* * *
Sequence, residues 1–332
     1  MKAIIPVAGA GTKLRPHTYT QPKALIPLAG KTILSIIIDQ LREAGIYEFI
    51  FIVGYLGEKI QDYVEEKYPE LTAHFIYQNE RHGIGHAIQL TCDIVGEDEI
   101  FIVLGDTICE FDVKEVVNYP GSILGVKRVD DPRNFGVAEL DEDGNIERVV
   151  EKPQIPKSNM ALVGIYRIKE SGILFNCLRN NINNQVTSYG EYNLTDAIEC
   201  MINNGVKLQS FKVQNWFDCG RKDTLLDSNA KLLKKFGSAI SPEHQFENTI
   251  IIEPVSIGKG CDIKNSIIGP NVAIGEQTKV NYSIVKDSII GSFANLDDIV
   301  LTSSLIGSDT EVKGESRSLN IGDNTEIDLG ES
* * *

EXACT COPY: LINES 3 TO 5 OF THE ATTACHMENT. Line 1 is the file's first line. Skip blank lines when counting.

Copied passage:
    51  FIVGYLGEKI QDYVEEKYPE LTAHFIYQNE RHGIGHAIQL TCDIVGEDEI
   101  FIVLGDTICE FDVKEVVNYP GSILGVKRVD DPRNFGVAEL DEDGNIERVV
   151  EKPQIPKSNM ALVGIYRIKE SGILFNCLRN NINNQVTSYG EYNLTDAIEC